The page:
How can cold weather affect my car?
Colder temperatures are chilling the UK at the moment and though it can be easy to see how these different conditions affect the roads, it can be harder to see what toll they play on your car.
However, keeping a sharp eye out for any changes could save you some problems down the line while avoiding some costly repair bills.
Battery issues are usually the first to crop up when the weather gets colder. It might be working just fine in summer and then, as the colder temperatures come in, it’ll fail. This is usually caused by a battery coming close to the end of its useful life and since lower temperatures require a battery to exert more ‘effort’ into starting a car, they can usually exacerbate the problem.
A car failing to start will likely mean that a battery’s base level of charge isn’t high enough. Thankfully, this issue can be resolved by fitting a new battery. It’s a job which can be done at home or at a garage if you’re unhappy to do it yourself.
Falling tyre pressures
Colder temperatures can often cause the amount of air pressure in your tyres to fall. This is particularly important to check as ensuring that you’ve got the right pressures in your tyre is crucial to their effectiveness – particularly in colder conditions.
You can use a tyre pressure gauge, or visit a petrol station – these often have air compressors outside them. Check your pressures and top them up to appropriate levels as given by the vehicle’s manufacturer.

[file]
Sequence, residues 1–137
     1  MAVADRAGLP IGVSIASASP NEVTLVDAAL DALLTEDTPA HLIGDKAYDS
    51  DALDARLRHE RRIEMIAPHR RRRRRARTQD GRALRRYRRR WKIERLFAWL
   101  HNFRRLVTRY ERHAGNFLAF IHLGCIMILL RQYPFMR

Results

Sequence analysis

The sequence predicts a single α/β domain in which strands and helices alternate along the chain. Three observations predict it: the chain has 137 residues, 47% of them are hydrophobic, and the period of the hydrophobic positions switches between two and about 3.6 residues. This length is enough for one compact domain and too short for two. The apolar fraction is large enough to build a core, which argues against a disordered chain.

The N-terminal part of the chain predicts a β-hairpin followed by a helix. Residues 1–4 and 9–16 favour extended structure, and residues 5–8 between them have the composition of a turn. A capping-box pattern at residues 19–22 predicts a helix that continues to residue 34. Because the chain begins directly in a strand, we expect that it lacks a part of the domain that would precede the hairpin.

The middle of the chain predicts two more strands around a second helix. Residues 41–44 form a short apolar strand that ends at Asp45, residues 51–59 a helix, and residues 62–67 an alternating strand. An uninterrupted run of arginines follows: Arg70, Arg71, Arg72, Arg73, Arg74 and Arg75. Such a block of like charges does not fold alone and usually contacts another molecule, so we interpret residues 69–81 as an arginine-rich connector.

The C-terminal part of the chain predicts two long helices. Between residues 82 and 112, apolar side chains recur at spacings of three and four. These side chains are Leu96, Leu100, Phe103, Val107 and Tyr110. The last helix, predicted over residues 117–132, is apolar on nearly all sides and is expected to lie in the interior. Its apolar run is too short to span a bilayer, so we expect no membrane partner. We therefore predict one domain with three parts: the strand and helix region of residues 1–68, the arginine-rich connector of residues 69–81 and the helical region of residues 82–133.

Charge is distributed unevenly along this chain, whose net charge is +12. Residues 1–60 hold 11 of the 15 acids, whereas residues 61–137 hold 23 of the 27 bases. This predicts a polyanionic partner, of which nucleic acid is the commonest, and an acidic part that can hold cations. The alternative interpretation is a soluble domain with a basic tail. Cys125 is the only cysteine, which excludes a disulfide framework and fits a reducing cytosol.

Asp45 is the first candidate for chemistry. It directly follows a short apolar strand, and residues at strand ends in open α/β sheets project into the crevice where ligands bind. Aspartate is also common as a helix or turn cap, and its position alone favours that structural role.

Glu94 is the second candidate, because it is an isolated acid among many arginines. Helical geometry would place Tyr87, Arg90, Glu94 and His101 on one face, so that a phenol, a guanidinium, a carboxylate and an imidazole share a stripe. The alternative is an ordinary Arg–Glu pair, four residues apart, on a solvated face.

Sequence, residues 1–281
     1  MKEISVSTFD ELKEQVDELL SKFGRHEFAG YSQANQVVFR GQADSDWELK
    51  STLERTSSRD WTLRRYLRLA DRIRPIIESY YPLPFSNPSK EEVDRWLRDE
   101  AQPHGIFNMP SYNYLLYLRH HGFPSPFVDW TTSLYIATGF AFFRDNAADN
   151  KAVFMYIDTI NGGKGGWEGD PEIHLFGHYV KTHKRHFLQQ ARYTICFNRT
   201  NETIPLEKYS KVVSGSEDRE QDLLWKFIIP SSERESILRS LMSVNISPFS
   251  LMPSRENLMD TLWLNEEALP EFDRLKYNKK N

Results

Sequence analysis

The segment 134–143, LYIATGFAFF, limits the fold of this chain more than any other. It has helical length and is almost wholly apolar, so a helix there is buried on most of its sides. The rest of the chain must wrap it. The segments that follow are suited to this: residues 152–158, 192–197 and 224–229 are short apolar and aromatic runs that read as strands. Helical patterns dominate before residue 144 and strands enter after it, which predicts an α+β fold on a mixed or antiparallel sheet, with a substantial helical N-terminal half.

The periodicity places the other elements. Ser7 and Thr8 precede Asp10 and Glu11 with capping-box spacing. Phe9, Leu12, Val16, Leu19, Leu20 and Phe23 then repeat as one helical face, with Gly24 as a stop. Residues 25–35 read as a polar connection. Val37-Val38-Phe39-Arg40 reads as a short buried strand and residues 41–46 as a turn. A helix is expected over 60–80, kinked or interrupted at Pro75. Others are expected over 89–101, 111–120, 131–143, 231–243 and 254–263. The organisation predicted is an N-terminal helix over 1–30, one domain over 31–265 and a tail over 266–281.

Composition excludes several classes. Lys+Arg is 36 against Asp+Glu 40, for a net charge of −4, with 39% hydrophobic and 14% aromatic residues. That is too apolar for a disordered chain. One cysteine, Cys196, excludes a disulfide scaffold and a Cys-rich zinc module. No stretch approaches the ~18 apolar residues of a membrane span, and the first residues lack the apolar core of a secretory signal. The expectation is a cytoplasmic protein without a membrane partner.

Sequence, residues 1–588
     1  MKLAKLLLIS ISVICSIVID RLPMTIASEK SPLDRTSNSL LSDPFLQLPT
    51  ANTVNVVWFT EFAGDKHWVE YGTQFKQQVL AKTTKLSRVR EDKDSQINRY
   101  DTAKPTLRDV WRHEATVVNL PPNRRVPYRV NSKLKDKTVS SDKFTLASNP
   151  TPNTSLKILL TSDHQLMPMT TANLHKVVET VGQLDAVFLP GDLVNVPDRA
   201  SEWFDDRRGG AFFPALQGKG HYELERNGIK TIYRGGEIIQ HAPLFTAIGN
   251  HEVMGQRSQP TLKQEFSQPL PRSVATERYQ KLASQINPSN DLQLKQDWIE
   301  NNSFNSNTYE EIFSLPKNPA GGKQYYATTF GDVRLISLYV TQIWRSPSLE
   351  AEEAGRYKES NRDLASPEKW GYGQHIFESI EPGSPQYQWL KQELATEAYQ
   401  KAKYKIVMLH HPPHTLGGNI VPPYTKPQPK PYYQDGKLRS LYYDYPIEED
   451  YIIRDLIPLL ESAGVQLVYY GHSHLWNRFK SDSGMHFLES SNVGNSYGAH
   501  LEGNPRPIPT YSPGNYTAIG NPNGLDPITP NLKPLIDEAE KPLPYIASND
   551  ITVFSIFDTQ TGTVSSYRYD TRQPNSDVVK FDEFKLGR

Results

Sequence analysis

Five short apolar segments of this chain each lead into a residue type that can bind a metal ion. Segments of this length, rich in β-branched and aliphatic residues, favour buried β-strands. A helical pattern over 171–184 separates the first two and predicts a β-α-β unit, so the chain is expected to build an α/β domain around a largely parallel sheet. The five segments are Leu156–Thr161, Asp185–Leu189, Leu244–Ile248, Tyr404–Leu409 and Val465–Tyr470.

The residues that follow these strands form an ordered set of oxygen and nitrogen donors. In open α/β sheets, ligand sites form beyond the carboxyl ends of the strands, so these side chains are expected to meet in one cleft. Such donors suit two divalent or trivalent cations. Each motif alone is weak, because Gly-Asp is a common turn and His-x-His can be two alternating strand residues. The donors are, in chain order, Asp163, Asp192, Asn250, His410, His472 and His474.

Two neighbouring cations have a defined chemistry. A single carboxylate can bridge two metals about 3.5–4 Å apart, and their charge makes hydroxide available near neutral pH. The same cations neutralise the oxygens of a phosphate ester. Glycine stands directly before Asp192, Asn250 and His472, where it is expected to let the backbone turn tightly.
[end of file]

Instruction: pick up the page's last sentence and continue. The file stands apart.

Spark plugs misfire
Cold weather can put added stress on particular parts of an engine and one of the first to go is usually the spark plugs. If they do, the engine might struggle to turn over properly and, as a result, your car won’t start.
To avoid this, make sure that your car is routinely inspected and serviced and, if the spark plugs are faulty or misfiring, get them replaced.
Engine fluids can get thicker
If the temperature outside falls below freezing, it can on occasions cause mechanical fluids within the car to thicken. In doing so, they might not work as effectively and could cause damage to crucial parts of your car’s setup.
To avoid any potential damage, give your car plenty of time to warm up – at least 10 minutes – before driving off.
Exterior panels take some punishment
Roads during the winter are harsh places for cars. Grit and dirt can play havoc with a car’s exterior panels, causing additional wear and exposing key areas to the prospect of rust. If salt is left to settle, it can often ‘eat’ into panels over time.
Though it might not feel like the most pleasant of jobs during this weather, giving your car a thorough clean is one of the best ways to avoid any corrosion. Make sure you give special attention to areas such as the wheel arches, where dirt and salt can accumulate.
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